Although vitamin D inhibits breast tumor growth and development in experimental settings, the findings from population-based studies remain inconclusive. Our goals were to investigate the association between prediagnostic plasma 25-hydroxyvitamin D [25(OH)D] concentration and breast cancer recurrence in prospective epidemiologic studies and to explore the molecular underpinnings linking 25(OH)D to slower progression of breast cancer. Our study included 659 women with invasive breast cancer from the Nurses’ Health Studies (NHS) diagnosed from 1989 to 2010. Plasma 25(OH)D was measured with a high-affinity protein binding assay or a radioimmunoassay. We profiled transcriptome-wide gene expression in breast tumors using microarrays. Hazard ratios (HRs) of breast cancer recurrence were estimated from covariate-adjusted Cox proportional hazards models. We examined differential gene expression regulation in association with 25(OH)D with covariate-adjusted linear regression and employed pathway analysis. We derived a gene expression score for 25(OH)D, and further assessed associations between the standardized score and breast cancer recurrence. Although 25(OH)D was not associated with breast cancer recurrence overall (hazard ratio (HR)=0.96; 95% confidence interval (CI): 0.86, 1.08) (median follow-up=12.8 years), the association varied by estrogen receptor (ER) status (p for interaction=0.005). Importantly, among ER-positive stage I to III cancers, every 5 ng/ml increase in prediagnostic plasma 25(OH)D was associated with a 13% lowered risk of recurrence (HR=0.87; 95% CI: 0.76; 0.99). No association was observed in women with stage I to III ER-negative cancers (HR=1.07; 95% CI: 0.91; 1.27). Pathway analysis identified multiple gene sets that were significantly (FDR<5%) downregulated in ER-positive breast tumors of women with high prediagnostic 25(OH)D (≥30 ng/ml), compared to those with low levels (<30 ng/ml). These gene sets are primarily involved in tumor proliferation, apoptosis, migration and invasion, inflammation, and cancer cell metabolism. The standardized score of 25(OH)D signatures derived from these gene sets was marginally significantly associated with reduced risk of recurrence in ER-positive diseases (HR=0.77; 95% CI: 0.59, 1.01). Using TIMER, a mathematical algorithm to deconvolute tumor cellular heterogeneity, we found more infiltrated CD8+ T cells in ER-negative tumors as compared to ER-positive tumors, and this higher immune infiltration in ER-negative tumors may contribute to the observed heterogeneous response. Our findings support an intriguing line of research for future studies to better understand the biologic mechanisms underlying the role of vitamin D in breast tumor progression, particularly for the ER-positive subtype.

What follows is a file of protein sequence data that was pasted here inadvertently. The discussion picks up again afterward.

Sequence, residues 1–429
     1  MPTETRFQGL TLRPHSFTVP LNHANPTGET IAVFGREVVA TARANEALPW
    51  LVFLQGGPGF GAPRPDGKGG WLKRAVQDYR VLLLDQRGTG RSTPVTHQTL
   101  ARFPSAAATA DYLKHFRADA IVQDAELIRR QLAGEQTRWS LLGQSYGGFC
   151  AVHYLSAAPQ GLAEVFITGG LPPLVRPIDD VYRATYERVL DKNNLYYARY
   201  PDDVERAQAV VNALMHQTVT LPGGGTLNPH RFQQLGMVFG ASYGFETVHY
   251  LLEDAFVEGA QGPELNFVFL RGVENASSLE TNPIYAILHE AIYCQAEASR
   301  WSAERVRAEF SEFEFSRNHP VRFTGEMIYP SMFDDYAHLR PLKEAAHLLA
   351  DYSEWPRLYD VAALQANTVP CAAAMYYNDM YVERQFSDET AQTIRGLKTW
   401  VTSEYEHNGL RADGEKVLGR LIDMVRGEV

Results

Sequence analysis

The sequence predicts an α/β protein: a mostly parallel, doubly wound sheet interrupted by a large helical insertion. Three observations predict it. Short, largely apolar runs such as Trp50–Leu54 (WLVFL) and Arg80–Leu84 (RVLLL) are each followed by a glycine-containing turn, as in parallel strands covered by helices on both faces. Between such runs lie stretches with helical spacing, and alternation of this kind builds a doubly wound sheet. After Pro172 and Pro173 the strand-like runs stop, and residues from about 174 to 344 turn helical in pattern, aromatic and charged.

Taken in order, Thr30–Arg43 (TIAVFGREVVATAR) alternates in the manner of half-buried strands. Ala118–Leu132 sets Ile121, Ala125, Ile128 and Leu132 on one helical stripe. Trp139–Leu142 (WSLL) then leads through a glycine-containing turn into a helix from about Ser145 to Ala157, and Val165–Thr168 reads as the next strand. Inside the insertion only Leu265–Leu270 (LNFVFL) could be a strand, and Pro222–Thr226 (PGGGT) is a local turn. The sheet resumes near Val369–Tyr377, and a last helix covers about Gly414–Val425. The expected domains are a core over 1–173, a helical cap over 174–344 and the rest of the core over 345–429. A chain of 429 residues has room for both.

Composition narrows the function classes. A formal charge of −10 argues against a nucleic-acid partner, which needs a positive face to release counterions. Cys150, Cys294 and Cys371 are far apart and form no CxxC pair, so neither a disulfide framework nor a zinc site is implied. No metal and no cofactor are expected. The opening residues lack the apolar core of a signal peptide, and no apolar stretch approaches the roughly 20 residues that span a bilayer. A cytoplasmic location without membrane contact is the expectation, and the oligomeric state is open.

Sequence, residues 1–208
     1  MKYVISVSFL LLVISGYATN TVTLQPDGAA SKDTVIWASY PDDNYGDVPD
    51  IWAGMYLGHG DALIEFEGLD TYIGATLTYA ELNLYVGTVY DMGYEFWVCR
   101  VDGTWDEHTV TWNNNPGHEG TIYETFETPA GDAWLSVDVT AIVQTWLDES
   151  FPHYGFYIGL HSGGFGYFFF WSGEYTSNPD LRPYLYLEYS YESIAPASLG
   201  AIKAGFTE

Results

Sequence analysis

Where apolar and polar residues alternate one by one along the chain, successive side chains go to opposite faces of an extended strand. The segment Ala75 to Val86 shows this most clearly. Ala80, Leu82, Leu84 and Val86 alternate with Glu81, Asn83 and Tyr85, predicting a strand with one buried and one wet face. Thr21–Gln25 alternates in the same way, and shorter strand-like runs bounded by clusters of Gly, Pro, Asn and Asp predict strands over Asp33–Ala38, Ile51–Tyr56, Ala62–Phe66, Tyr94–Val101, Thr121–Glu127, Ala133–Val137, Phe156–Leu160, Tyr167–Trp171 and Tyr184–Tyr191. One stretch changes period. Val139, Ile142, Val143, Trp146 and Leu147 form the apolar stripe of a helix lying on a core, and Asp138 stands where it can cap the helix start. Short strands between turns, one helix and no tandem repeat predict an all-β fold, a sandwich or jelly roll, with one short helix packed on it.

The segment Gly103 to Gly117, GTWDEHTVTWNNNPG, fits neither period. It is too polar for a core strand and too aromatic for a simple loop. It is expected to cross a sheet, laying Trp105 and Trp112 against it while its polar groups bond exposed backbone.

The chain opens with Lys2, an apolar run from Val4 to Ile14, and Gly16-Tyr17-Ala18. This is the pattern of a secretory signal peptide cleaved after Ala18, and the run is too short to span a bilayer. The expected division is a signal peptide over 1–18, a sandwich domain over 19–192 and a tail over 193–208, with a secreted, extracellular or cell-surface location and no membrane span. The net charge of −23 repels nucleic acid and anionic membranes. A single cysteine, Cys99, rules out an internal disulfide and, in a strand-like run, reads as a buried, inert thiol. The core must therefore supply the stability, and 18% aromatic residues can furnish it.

Citation Format: Yujing Heng, Donghao Lu, Natalie DuPre, Kimberly Glass, Peter Kraft, David Feldman, Susan Hankinson, Kathryn Rexrode, Heather Eliassen, Rulla Tamimi, Cheng Peng. Prediagnostic 25-hydroxyvitamin D concentrations in relation to tumor molecular alterations and risk of breast cancer recurrence [abstract]. In: Proceedings of the AACR Special Conference on Tumor Immunology and Immunotherapy; 2019 Nov 17-20; Boston, MA. Philadelphia (PA): AACR; Cancer Immunol Res 2020;8(3 Suppl):Abstract nr A85.